Three independent films focusing on issues of global conflict, displacement, forced migration, and complex issue of accessing basic human rights in ‘Fortress Europe’. After the final film there will be the chance for a short Q and A with a representative of the Islington Centre for Refugees and Migrants, a charity working with asylum seekers in London and whose patron is Juliet Stephenson.



2014

Masterclasses at the We the Peoples Film Festival Youth Day at the BFI, 8 November 2014


What happened in 2014?

Film-making – Rob Brown

Using award nominated short film, 'Paper Hearts'', a 10 minute short film on relationships, Rob showed how the initial idea came about, from creation through to being premiered at the Rushes Soho shorts festival. There was even a photo of Rob with Kevin Spacey! How did it come about?

Movie Production – Jake Hume
London filmmaker Jake Hume pointed to the various routes for young people starting out in the film industry. Jake produced his first feature film ‘Sixteen’ in 2013 which had its world premiere at the BFI London Film Festival. Since graduating from Bournemouth Screen Academy in 2009 at the age of 21, Jake has managed production on indie feature films such as ‘Lotus Eaters’ and produced an array of award-winning short films and music videos.

Animation - Helen Piercy (Helen Animate)
Helen Piercy showed how to make stop-motion videos like a real pro, using 2D and 3D techniques with character design, cut-out puppets, and speech bubbles. From storyboarding to the editing suite, she shared everything one needs to know, a real one-off opportunity to learn the fundamentals of animation. For more information, see www.helenanimate.com

Highlights


“Take me to the Front”, Stefano Pietrocola’s film about a British photojournalist covering the Bosnian war in the ‘90s takes all three audience awards.

Youth Day at the BFI attracts young film makers keen to make documentaries on development and human rights who benefit through masterclasses and expert guidance during the day.

£500 #tweetapitch bursary won against tough competition by Jade Jackman whose film will show the work of a Kabul-based Afghan woman graffiti artist. The film will be screened at the 2015 Youth Day at the BFI.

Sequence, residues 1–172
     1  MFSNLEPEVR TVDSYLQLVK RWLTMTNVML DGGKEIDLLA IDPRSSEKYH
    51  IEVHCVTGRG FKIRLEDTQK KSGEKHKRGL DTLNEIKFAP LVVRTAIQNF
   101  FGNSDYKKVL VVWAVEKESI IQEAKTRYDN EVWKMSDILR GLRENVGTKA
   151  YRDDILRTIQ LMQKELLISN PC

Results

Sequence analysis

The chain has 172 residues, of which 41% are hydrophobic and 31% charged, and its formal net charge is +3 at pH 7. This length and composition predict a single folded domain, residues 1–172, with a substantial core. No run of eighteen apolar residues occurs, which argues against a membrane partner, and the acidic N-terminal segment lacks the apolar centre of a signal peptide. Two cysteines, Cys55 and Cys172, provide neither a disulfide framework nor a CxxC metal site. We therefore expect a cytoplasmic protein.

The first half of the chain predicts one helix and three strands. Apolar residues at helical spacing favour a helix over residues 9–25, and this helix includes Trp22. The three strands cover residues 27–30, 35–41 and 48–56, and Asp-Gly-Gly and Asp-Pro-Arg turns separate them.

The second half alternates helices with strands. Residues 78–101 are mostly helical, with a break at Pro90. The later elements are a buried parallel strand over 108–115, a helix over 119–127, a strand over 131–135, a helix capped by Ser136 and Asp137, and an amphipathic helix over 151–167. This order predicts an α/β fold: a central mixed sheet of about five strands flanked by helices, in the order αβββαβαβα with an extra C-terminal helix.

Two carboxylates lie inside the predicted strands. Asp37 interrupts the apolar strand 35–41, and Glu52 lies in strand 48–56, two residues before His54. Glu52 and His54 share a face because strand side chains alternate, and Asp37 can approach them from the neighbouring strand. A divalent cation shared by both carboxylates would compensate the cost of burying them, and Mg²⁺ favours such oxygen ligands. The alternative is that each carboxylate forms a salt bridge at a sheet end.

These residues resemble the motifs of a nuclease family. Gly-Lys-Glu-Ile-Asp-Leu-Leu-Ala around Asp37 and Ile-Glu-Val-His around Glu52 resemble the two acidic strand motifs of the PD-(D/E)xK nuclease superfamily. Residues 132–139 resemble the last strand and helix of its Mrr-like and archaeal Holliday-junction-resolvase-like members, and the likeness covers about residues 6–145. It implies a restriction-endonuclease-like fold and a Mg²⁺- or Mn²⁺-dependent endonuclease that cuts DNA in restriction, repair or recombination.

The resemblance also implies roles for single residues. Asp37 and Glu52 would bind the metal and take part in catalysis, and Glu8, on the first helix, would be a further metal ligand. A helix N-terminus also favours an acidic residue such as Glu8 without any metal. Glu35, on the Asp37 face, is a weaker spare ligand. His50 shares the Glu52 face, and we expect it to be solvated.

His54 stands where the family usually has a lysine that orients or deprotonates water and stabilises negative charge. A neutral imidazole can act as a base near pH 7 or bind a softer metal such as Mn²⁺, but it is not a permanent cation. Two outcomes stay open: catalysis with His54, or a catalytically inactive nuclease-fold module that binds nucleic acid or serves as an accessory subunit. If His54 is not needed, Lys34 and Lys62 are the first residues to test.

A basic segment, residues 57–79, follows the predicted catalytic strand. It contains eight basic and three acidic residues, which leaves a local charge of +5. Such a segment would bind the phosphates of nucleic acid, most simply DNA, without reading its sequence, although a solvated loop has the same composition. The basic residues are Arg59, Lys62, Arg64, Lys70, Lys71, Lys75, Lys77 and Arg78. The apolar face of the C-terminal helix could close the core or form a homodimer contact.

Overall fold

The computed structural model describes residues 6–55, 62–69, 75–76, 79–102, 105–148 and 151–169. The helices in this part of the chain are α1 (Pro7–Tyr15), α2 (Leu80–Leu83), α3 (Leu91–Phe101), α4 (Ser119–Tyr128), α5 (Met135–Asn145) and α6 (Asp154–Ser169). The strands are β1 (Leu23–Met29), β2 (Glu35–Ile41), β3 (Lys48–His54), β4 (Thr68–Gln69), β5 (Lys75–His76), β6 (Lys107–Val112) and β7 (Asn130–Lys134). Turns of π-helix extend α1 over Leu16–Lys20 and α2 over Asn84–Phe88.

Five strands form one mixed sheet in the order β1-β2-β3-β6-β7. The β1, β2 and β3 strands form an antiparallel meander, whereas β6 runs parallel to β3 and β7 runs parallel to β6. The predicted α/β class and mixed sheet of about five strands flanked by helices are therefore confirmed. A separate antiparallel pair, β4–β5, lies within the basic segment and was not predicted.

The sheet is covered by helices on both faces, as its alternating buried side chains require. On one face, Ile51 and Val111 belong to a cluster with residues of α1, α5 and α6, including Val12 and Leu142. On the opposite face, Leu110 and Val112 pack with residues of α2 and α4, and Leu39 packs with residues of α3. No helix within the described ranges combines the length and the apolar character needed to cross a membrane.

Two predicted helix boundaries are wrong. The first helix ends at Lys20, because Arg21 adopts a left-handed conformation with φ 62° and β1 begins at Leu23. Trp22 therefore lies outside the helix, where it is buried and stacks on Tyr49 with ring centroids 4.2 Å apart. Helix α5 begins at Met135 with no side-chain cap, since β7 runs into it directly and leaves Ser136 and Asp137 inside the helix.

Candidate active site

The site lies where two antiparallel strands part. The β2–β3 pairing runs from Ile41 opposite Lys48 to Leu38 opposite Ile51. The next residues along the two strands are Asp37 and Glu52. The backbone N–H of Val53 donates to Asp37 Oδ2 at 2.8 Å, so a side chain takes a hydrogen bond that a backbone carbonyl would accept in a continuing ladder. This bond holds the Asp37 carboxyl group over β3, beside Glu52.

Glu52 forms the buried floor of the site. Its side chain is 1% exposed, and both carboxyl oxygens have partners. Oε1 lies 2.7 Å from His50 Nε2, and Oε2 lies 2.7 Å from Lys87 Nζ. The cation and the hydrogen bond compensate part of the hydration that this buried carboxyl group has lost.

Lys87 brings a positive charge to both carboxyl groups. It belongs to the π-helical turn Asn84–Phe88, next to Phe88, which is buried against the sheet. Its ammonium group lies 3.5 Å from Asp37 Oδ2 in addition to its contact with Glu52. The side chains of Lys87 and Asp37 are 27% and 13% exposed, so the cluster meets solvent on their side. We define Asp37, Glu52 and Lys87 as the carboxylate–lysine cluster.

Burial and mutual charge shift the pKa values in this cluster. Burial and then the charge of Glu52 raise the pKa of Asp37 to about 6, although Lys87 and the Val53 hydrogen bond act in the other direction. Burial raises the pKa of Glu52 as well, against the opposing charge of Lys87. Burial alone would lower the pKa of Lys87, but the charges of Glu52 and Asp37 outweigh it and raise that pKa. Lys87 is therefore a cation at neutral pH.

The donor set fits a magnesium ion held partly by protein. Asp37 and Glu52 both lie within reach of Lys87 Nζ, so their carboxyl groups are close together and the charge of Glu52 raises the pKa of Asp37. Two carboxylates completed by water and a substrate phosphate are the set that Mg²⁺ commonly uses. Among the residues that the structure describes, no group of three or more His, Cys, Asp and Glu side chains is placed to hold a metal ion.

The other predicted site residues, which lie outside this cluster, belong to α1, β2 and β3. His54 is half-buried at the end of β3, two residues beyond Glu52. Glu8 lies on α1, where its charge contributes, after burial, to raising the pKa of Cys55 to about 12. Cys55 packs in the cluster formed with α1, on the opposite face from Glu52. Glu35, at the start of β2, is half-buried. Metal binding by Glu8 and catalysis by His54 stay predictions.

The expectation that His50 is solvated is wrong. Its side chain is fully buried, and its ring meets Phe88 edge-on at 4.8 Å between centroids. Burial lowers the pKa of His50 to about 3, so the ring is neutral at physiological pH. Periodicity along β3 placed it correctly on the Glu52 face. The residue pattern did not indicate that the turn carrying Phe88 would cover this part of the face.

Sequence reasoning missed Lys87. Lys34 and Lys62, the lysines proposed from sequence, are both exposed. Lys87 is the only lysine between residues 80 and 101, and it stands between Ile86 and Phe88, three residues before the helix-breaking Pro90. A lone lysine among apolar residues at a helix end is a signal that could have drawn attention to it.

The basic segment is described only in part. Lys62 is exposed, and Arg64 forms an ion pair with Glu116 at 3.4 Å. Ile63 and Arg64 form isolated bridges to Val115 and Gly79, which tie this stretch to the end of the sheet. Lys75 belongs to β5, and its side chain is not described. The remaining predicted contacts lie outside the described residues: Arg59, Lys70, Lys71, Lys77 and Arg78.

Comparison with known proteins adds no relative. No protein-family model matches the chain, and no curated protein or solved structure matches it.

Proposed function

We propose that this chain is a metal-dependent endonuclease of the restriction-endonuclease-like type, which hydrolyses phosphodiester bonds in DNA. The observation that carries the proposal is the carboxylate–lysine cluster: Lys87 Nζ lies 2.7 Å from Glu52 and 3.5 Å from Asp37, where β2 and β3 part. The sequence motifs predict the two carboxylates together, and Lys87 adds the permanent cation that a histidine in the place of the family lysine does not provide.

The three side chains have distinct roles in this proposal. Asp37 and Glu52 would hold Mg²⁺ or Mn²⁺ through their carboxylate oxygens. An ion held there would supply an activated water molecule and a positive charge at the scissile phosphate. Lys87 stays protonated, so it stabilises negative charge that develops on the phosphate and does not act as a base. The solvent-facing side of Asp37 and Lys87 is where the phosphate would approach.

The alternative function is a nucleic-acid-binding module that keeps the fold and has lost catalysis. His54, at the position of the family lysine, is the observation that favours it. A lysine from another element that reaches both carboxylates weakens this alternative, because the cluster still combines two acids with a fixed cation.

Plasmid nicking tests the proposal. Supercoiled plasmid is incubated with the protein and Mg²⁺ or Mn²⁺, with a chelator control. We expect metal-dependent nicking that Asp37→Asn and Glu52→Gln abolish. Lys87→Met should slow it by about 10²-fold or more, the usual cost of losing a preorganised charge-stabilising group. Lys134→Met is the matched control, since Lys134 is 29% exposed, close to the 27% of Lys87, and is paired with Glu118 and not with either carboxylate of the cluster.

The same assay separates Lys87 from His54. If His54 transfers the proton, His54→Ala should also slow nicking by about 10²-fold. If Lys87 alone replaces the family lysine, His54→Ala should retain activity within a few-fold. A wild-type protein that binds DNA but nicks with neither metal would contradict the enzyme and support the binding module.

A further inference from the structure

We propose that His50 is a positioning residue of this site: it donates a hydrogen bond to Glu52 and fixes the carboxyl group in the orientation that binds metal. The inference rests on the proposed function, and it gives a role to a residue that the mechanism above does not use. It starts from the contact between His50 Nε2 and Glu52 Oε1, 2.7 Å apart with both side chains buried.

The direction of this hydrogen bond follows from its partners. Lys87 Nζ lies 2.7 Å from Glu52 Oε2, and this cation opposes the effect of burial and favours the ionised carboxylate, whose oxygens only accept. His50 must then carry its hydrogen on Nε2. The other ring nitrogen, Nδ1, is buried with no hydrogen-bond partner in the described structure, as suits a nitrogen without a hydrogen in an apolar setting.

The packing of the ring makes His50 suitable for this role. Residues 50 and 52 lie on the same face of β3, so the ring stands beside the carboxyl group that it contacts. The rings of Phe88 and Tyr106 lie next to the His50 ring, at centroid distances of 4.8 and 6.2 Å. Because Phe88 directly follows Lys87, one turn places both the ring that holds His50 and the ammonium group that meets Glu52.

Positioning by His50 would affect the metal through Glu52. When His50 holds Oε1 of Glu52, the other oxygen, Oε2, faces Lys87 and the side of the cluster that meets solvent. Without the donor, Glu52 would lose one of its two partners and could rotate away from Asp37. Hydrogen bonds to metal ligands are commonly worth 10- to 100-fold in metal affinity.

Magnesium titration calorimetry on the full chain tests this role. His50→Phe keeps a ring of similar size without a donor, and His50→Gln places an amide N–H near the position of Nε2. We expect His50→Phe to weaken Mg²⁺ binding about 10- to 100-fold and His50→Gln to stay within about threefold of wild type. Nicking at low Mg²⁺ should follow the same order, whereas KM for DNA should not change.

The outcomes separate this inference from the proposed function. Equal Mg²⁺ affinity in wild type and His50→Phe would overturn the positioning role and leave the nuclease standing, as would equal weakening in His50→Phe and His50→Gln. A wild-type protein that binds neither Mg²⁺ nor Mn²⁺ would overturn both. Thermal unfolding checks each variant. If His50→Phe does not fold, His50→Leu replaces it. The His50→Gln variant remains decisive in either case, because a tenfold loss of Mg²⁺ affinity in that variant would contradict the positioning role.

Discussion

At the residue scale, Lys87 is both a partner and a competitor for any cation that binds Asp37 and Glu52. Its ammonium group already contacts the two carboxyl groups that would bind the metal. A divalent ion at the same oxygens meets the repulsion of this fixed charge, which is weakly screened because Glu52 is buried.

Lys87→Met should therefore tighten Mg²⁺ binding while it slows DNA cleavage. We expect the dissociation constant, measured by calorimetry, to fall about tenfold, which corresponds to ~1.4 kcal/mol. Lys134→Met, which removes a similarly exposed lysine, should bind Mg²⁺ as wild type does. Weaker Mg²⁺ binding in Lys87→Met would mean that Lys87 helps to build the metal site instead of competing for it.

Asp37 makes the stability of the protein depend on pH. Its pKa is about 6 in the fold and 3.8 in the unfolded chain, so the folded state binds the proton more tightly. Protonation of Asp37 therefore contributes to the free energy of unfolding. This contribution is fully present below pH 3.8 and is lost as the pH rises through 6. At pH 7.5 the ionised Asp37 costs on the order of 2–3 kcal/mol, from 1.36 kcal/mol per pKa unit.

Films were screened in several locations including universities, a pub and a restaurant. Most were followed by Question & Answer sessions featuring film makers or experts on the topics covered.

Audience and guest feedback was excellent with one guest commenting on a film with harrowing scenes “Working in this field you become very accustomed to images like these. Coming to events like these help you connect again.”

“Our event was excellently organised” was a common observation, reflecting on the hands-on involvement of students of Event Management at Ashdown Academy, a long-term supporter of the We the Peoples Film Festival.

Films screened in 2014 include:

Sixteen

   

80 minutes, Director, Rob Brown, UK; Producer, Jake Hume, UK

Jumah is about to turn 16 and is already in need of a fresh start. Burdened with the shameful legacy of a past as a child soldier in the Congo, he lives with his adoptive mother in west London, where he struggles to keep a lid on his history of violence.
see the trailer

Take Me To The Front

   

14 minutes, Director – Stefano Pietrocola, UK

Hector is a British photojournalist covering the Bosnian War. Where will he draw the line between documentation and intervention?

Starry Eyes

   

30 minutes, Director, Chieh Yang, Taiwan

On a not too distant planet called Lucky, each person is fated at birth with one particular person. The moment they lock eyes, they will tumble head over heels in love with each other and will henceforth live happily ever after.

Shame and Glasses

   

7 minutes, Director, Alessandro Riconda, Italy

Miko has to face his worst fears; wearing glasses. That is the only way to take his school test, but what would happen if the young girl he is secretly in love with sees him?

A Russian Fairytale

   

55 Minutes, Director: Jake Mobbs, UK, in association with Love’s Bridge

This powerful documentary follows the lives of ‘street kids’ from Perm, a once weapon-building Russian city. It provides a fascinating insight into the day to day lives of a group of children born during or just after the break-up of the Soviet Union; they are the generation of Russian kids who ended up on the streets as a result of the turmoil. Now on the brink of adulthood, time is running out to make a break from the group once and for all...
see the trailer

Voices Across the Wall

   

37mins, Director: Sam Liebmann, UK

Voices Across The Wall is a set of short stories and interviews exploring the Israel-Palestine conflict through the eyes of people on the ground – from an intifada veteran turned social worker to the leader of the Jewish National Front, from the father of a Palestinian suicide bomber to an Israeli survivor of an attack that killed her husband and children.

As we travel through the West Bank we see the ongoing colonisation of Palestinian land and hear from the occupied and the occupiers. Through a series of personal accounts of the day-to-day impact of conflict and occupation, the film reveals some of the complexities often unseen by the outside world that underlie this most intractable of political problems.

Happiness Wrapped in a Blanket

   

52mins, Director: Yosi Artzi, Israel